The influence of the recycling industry has extended into many other areas of critical commercial, environmental and social importance - such as radioactivity in scrap. At United Nations level, for example, the industry has promoted a logical system to encourage co-operation between all those forced to deal with this potential problem, including smelters, recycling operators, governments and disposers of radioactive residues.

BIR and its affiliated organisations have led the recycling industry's response to a vast range of new legislation covering everything from end-of-life vehicles and waste electrical and electronic equipment, to waste shipment regulations. The legislative burden imposed on the recycling industry has become far heavier over recent years, with some of the new rules and regulations appearing to be detrimental to recycling as a whole. Particularly problematical has been the decision by some legislators to regard recyclables as "waste" rather than as valuable secondary raw materials for which consuming industries are prepared to pay a market price. Indeed, definition of recyclables as "waste" has threatened to hinder the international trade in this indispensable commodity.

All countries with industrial production capacity have a need to consume raw materials and so demand for recycled commodities is truly global. International trade in secondary materials is necessary to supply steelworks, foundries, paper mills, textiles industry and rubber etc. with feedstock material for further environmentally sound production. As the focus of industrial production shifts away from industrialised nations towards the developing world, so there is also a shift in flows of secondary raw materials. Today, for example, huge volumes of scrap metal recovered from end-of-life products in the Western World are being shipped to China and other, rapidly-industrialising countries in Asia.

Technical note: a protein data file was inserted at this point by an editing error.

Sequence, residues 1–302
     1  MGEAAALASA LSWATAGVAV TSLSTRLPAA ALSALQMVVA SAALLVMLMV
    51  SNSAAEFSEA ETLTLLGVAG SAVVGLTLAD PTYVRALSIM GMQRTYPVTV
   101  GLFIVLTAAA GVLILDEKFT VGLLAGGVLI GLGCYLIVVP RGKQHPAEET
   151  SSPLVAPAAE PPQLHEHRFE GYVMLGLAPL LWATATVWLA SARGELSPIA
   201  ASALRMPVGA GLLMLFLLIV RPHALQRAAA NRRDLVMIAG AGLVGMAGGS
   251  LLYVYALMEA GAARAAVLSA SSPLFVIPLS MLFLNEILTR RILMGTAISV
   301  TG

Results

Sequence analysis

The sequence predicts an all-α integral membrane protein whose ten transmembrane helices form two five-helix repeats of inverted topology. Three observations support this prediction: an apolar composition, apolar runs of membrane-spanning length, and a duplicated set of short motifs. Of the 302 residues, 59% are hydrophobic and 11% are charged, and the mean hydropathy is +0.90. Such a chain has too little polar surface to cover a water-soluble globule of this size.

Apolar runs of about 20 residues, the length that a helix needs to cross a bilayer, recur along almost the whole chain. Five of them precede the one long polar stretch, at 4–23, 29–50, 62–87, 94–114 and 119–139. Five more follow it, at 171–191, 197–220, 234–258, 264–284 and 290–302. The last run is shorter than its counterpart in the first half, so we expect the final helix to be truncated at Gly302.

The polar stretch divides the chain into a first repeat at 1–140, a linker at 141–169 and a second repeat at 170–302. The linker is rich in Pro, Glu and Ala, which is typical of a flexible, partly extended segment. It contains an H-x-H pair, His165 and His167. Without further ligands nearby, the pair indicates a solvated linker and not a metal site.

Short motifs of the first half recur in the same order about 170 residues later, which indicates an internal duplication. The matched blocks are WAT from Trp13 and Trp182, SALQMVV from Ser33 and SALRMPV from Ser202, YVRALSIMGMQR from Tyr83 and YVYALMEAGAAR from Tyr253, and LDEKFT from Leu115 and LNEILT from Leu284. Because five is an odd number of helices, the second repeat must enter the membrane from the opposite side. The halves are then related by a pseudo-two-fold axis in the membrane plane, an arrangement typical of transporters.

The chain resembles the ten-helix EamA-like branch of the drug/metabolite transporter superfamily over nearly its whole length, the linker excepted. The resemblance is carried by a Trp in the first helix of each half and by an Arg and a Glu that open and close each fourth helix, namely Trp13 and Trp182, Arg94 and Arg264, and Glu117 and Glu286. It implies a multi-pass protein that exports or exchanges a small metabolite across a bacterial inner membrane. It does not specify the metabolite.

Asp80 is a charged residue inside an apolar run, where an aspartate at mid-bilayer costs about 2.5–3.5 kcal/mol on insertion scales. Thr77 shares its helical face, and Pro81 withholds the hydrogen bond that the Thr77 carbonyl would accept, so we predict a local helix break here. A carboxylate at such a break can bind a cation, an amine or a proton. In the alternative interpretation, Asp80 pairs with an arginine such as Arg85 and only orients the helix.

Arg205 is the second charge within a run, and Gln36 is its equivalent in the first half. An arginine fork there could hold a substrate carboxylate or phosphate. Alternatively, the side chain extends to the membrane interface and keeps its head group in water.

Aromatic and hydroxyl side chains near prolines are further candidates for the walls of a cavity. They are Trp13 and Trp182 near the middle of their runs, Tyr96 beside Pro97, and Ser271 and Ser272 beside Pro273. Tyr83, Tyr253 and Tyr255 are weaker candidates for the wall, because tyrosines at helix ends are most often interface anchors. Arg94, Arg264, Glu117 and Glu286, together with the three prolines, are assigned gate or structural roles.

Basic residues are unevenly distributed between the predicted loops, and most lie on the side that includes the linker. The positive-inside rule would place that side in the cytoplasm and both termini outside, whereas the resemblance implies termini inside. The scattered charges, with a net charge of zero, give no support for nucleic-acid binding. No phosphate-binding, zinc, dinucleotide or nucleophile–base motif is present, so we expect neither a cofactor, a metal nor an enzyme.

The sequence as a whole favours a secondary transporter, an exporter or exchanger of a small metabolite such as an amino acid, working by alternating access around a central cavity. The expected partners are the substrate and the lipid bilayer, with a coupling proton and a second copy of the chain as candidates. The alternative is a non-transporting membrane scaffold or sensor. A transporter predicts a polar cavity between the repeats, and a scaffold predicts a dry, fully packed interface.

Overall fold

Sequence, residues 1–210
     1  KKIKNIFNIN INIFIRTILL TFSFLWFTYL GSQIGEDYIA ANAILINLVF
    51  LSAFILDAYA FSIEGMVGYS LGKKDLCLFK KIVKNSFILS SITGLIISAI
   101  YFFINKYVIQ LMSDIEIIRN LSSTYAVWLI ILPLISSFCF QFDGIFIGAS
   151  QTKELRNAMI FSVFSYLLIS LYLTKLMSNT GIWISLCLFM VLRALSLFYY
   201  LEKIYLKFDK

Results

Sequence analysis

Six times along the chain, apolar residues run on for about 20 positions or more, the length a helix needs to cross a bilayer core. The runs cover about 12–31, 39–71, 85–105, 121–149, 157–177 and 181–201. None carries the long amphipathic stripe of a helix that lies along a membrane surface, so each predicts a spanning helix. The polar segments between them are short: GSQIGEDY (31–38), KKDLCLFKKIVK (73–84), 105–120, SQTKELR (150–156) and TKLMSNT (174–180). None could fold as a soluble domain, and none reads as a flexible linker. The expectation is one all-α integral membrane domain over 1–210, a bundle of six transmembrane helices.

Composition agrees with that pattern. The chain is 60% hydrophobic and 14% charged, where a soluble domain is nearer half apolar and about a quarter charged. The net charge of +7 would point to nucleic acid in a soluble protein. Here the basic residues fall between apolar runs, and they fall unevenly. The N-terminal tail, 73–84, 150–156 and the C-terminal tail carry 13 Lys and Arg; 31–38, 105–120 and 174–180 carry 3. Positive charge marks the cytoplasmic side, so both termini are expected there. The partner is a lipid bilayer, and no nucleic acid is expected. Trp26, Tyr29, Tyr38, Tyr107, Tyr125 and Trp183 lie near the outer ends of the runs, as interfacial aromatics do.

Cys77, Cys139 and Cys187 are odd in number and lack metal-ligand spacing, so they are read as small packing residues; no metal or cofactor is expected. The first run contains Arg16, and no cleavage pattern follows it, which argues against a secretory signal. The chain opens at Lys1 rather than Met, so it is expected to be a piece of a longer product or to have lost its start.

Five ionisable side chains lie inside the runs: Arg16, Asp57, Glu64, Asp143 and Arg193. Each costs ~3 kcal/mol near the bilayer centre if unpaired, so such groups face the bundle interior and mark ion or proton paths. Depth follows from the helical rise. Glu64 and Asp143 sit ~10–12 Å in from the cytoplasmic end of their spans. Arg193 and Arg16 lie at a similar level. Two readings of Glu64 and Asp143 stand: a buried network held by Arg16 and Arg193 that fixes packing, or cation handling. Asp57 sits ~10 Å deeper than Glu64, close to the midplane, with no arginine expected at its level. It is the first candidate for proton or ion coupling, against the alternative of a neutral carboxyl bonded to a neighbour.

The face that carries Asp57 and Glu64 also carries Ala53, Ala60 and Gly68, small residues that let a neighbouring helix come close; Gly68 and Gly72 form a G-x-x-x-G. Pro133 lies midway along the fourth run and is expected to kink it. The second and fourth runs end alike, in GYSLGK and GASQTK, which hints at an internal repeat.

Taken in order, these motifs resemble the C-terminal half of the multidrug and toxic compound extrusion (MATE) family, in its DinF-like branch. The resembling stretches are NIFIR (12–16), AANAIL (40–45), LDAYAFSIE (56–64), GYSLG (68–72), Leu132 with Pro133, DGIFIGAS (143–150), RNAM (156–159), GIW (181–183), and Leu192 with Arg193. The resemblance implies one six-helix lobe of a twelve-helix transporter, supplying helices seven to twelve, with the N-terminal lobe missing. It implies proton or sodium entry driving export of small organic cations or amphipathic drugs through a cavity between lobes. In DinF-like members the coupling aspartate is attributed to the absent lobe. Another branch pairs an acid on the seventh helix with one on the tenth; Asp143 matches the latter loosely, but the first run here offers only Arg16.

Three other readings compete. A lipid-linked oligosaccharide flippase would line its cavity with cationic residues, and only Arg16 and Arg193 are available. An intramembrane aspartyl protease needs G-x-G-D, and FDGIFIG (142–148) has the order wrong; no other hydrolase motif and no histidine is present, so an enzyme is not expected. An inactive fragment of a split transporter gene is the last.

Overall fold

In its discussions with the United Nations, the OECD and other supra-national bodies, world recycling body BIR and its various member federations and associations have battled over many years to remove the "waste" label from its products. In addition, BIR has always strongly advocated the free flow of secondary material between nations and, by mutual efforts, has succeeded in breaking down many trade barriers. The organisation has had to remain vigilant to the constant threat posed by import and export restrictions as well as other protectionist measures. In recent times, for example, BIR and the US Institute of Scrap Recycling Industries (ISRI) have played a pivotal role in smoothing the flow of recyclables to China by working with the nation's regulators to create a workable registration regime for overseas exporters to the country.